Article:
Wednesday, December 17, 2008
Nic Paton on Sola Scriptura
Nic Paton, an emerging guy from South Africa, has an excellent article up at the Emergent Village blog about questioning the value of "sola scriptura". Here's just a tidbit:

While I love scripture, and see myself to hold a high view of it, I question the doctrine’s modern application. In essence, I see it as excluding and reducing truth, as reactionary, and ironically, as unscriptural. But before we detail these objections, we need to look at a few background assumptions: what we understand as the “word of God”, the canon, the scriptures as “law” not narrative, and the taints in this view of enlightenment rationalism.

  • While today we see the “Word of God” as synonymous with the “book” called the Bible (it’s more of a library of books between 2 covers), in the vast majority of cases in scripture itself, it refers to a breathed, and spoken word. If scripture is made to mean the written or printed word of God, then it represents only a subset of God’s greater expression.
  • Regarding that library, we have received by tradition what is known as the canon. For Protestants this means 66 books in total. This was “finalized” between 393 and 419 CE at the synod of Hippo, under the aegis of St. Augustine.
  • Despite the canon being considered “closed”, Martin Luther in his reforms rejected the apocryphal books, still part of the canon for much of the church. While Luther emphasized scriptural authority, he rejected scriptures then current. And while he rejected Church authority, he accepted the rest of the canon which had been ratified by the church and passed on by that authority.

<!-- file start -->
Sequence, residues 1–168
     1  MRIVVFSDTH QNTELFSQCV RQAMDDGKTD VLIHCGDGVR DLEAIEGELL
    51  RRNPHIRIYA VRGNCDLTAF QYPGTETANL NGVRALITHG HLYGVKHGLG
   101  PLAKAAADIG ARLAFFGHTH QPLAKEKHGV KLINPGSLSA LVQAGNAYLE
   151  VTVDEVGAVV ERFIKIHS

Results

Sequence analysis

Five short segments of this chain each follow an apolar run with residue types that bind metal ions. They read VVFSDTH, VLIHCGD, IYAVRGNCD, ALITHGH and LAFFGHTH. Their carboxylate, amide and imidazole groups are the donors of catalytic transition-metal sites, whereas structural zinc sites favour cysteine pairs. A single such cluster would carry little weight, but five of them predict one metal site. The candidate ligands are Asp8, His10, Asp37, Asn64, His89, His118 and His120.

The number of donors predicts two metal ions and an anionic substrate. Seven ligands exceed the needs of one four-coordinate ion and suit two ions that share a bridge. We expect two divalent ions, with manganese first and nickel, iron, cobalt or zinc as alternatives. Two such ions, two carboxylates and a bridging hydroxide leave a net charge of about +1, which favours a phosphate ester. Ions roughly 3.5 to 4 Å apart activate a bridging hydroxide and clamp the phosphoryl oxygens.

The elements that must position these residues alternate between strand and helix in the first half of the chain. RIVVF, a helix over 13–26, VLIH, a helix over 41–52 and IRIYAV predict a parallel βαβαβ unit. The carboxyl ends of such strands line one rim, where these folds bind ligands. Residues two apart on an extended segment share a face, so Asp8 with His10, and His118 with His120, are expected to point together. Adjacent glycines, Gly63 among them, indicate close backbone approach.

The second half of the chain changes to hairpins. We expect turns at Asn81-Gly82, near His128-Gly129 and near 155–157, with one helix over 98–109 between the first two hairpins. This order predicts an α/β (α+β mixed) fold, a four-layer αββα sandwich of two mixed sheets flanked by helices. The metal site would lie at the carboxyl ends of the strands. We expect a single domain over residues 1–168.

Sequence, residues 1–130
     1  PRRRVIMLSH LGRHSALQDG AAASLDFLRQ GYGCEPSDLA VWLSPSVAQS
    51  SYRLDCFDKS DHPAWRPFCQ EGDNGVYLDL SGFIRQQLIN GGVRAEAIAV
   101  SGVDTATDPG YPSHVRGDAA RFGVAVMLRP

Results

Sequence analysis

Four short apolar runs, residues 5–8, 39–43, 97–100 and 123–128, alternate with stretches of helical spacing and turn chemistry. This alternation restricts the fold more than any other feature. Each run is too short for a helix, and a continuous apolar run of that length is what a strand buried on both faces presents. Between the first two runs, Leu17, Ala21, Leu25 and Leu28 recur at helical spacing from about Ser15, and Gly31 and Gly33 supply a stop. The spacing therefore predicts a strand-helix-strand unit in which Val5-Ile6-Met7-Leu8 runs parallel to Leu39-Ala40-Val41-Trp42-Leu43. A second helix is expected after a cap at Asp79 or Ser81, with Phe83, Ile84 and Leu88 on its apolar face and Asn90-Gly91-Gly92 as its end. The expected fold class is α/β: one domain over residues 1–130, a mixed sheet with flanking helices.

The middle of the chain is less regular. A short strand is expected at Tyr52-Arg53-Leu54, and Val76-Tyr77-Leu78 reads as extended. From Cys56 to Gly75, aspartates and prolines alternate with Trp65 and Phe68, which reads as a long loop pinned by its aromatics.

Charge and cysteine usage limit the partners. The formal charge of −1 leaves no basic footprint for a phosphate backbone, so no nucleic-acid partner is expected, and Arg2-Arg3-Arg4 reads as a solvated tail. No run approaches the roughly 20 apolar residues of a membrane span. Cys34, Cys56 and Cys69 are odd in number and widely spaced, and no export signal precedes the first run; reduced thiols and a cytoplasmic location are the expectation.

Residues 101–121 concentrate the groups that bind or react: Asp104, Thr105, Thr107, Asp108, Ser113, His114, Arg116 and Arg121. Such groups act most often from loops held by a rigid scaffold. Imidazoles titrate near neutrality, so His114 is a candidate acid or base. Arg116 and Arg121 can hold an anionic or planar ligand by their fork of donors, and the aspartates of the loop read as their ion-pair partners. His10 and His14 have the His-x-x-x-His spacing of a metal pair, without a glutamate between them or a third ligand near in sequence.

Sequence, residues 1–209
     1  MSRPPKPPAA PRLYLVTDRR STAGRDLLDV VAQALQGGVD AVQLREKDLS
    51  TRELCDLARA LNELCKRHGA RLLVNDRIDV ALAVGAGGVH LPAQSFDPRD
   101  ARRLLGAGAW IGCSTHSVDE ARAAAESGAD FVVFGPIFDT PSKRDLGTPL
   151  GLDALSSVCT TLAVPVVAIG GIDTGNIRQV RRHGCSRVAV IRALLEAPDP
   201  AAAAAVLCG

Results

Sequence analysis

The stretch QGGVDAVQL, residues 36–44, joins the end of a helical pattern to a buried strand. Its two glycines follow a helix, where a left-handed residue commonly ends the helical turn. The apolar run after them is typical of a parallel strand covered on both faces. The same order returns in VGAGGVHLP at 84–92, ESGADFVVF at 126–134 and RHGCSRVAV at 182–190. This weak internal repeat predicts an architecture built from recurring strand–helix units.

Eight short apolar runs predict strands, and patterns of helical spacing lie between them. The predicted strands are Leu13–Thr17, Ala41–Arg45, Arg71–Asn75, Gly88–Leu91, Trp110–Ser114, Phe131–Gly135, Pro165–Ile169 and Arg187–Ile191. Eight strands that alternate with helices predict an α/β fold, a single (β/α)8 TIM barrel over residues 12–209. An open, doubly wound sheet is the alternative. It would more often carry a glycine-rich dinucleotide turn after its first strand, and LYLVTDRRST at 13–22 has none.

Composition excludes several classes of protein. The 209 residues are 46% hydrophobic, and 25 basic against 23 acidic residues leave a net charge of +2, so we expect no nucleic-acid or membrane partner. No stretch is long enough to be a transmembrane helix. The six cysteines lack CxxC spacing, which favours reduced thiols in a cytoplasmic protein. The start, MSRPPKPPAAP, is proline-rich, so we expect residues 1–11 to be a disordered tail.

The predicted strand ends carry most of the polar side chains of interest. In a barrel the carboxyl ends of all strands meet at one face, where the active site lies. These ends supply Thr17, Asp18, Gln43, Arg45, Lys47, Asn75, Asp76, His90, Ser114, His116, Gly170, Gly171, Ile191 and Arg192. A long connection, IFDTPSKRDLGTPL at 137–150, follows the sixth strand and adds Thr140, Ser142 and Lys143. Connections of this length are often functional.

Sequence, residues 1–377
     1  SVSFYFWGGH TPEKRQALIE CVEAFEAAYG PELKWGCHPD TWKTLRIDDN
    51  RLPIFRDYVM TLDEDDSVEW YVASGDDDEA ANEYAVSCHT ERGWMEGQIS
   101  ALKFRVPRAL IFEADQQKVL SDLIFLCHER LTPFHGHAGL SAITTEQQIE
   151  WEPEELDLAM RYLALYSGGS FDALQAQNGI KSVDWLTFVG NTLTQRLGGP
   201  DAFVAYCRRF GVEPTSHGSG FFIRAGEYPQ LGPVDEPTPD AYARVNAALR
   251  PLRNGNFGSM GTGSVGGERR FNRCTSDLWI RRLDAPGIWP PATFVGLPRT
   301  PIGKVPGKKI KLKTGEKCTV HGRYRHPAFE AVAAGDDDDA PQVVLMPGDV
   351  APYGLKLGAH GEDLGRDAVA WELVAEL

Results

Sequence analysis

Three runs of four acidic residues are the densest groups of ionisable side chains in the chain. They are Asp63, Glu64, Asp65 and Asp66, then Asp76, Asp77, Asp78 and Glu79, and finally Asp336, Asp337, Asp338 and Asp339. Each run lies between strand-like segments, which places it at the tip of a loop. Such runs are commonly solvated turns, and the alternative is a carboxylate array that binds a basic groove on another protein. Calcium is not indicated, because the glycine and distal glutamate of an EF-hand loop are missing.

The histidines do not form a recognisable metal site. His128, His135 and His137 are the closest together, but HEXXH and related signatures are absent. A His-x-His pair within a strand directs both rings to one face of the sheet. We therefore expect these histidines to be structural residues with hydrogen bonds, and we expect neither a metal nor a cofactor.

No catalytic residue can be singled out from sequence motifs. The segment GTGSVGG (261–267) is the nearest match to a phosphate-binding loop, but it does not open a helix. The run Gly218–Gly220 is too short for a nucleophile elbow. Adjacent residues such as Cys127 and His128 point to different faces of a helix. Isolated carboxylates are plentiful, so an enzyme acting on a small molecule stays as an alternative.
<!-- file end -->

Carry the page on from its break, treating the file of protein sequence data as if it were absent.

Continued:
• In the wake of rationalism and scientism, we tend to view scripture as a book of law, a textbook, or a set of logical propositions, rather than a book of story. Our post enlightenment view has caused us to require scripture to be “perspicuous to reason”, and non-contradictory.

A closed canon, a rejection (or fear) of contradiction, a literate culture where the oral and non-written is set against and over what is printed, and the static and deterministic worldview of modernism has caused us to close down and defend the bible. When Jesus said “You have heard it written … but I say to you …” (Mt 5:39) he might have been addressing us. We still fail to see revelation as evolving, despite the fact that Jesus and his ministry was founded upon a progressive revelation of God.

I don't have much to say about it except that I totally agree with Paton and he expresses my thoughts on the matter better than I could. I'd definitely recommend reading the whole article.


posted by Mike Clawson at 10:08 AM | Permalink |


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